The Pittock Mansion is a French Renaissance château in the West Hills of Portland, Oregon originally built as a private home for The Oregonian publisher Henry Pittock and his wife, Georgiana. It is a 22 room estate built of Tenino Sandstone situated on 46 acres (190,000 m2) that is now owned by the city's Bureau of Parks and Recreation and open for touring. In addition, the grounds provide panoramic views of Downtown Portland & Mt. Hood
Georgiana, one of the founders of the Portland Rose Festival, died in 1918 at the age of 72, and Henry in 1919 at 84. The Pittock family remained in residence at the mansion until 1958, when Peter Gantenbein, a Pittock grandson who had been born in the house, put the estate on the market and was unsuccessful in selling it. Extensive damage caused by the Columbus Day Storm in 1962 caused the owners to consider demolishing the building. The community raised $75,000 in three months in order to help the city purchase the property. Seeing this popular support, and agreeing that the house had tremendous value as a unique historic resource, the City of Portland purchased the estate in 1964 for $225,000."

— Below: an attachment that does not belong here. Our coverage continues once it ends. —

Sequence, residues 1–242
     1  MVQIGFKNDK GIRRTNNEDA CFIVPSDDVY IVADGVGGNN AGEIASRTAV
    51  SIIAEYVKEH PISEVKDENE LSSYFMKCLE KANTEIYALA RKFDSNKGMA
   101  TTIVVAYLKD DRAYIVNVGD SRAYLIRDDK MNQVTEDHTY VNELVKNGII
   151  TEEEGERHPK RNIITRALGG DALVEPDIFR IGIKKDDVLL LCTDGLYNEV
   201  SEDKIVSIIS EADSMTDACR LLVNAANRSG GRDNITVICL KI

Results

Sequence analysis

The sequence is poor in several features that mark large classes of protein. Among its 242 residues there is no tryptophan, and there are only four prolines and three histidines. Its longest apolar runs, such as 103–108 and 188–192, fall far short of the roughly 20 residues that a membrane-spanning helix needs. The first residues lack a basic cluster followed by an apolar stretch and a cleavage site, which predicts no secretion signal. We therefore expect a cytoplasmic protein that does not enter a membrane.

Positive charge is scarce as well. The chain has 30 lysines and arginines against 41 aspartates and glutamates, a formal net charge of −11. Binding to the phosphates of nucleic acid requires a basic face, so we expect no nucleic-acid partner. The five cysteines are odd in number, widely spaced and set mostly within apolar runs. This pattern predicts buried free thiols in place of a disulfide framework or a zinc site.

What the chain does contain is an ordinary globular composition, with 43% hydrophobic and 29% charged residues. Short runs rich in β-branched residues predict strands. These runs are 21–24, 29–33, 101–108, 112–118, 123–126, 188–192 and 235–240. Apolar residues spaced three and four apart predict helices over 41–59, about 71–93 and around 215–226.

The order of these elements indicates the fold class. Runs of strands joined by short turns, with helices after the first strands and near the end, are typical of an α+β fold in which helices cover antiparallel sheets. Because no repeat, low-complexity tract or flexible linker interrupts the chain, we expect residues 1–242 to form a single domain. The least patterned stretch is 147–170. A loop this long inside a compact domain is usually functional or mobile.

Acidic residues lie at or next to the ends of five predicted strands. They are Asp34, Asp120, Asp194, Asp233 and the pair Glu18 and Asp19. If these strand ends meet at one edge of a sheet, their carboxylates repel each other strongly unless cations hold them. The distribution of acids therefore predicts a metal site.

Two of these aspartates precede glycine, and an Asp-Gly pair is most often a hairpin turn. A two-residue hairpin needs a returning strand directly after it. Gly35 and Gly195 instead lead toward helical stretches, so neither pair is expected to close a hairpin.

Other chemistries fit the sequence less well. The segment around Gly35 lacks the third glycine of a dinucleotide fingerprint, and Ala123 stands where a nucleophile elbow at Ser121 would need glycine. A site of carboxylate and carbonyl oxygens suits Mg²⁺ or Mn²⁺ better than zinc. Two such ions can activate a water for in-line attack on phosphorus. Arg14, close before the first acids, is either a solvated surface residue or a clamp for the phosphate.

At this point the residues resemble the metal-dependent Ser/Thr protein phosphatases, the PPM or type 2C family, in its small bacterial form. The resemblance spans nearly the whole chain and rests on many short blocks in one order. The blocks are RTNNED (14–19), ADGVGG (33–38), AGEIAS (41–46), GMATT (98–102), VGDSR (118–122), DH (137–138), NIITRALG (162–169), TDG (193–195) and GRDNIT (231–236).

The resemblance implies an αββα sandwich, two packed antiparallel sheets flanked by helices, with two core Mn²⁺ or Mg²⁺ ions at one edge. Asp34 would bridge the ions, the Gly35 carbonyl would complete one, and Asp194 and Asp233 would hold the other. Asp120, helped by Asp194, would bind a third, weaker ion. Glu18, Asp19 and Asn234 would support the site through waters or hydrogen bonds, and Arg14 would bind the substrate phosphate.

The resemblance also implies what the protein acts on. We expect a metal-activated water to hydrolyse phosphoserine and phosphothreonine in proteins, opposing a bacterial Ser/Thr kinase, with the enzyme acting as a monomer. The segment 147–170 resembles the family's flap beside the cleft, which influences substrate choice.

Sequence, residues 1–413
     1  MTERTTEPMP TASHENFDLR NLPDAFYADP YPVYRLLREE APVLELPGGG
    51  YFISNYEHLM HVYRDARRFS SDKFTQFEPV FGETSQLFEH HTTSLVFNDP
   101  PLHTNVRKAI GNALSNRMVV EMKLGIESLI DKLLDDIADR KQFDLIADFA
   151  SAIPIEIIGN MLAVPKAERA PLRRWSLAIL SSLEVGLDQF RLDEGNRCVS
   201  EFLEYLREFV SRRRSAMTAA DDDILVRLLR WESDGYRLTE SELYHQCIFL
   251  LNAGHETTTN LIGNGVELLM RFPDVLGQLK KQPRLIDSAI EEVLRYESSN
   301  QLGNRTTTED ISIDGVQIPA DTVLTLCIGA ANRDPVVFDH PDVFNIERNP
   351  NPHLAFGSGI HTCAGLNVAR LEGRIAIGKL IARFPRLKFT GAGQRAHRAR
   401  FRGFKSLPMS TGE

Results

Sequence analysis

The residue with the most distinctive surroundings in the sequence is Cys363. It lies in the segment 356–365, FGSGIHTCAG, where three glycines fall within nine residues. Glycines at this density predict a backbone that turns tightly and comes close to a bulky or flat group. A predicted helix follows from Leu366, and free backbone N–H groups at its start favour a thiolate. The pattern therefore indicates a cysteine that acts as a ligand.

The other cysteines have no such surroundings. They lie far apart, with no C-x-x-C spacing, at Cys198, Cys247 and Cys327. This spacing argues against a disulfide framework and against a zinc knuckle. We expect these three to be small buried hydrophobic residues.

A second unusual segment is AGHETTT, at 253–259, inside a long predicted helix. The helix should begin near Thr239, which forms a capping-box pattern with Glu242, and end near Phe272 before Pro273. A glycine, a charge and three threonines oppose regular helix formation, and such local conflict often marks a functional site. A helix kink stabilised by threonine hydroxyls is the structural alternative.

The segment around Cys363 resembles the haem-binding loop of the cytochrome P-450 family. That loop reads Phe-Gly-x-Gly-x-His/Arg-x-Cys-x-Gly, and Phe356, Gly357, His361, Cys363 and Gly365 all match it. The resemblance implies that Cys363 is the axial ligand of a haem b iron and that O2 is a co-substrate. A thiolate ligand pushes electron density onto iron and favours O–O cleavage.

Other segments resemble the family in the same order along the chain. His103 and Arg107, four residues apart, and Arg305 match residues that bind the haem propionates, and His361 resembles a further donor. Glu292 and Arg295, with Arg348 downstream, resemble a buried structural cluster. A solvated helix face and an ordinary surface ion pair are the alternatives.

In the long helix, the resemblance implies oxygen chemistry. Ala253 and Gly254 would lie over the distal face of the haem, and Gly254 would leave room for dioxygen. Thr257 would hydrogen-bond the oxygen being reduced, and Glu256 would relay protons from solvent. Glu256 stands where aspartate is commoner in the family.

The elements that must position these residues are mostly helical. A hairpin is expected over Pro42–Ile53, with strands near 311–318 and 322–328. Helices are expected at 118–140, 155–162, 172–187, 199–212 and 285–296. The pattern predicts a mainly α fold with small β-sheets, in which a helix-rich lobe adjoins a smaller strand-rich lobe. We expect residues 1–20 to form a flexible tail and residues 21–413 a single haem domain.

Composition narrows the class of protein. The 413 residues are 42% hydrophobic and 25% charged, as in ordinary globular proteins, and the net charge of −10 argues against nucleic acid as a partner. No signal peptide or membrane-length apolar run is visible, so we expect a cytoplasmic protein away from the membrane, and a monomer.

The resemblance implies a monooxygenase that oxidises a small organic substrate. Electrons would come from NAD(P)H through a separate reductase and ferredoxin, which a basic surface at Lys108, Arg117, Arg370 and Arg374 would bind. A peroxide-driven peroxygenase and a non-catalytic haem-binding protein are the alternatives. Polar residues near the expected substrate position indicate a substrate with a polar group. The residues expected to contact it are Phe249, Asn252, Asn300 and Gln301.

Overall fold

Sherry-sis, a red hat for you, too.
The home features vintage and antique furnishings and collections from the era, with rich and beautiful design elements in many different styles. The mansion is also home to exhibits throughout the year, from art glass to photography. Most of the items in the Pittock Mansion collection have been donated, although several original family items remain.
Pittock Mansion is situated on 46 acres of land 1,000 feet above sea level and commands a view of five mountains in the Cascade Range. Enjoy the fragrant gardens, miles of hidden hiking trails, sweeping city views and feel free to bring a picnic to enjoy on the lawn
I have spent a good portion of our travels
visiting mansions all over the world but I
must say, this is one of the most
breathtaking I have seen.
Mrs. Pittock is the founder of the rose
gardens I have shared with you this past
Please join Miss Beverly, our hostess @
Love that child's plate ... brings back many
a memory of my youth hanging out the
wash with Mother
This child's portrait literally gave me the chills. As
we walked thru & around in this room I felt as tho
her eyes followed me, so I pointed it out to Harold.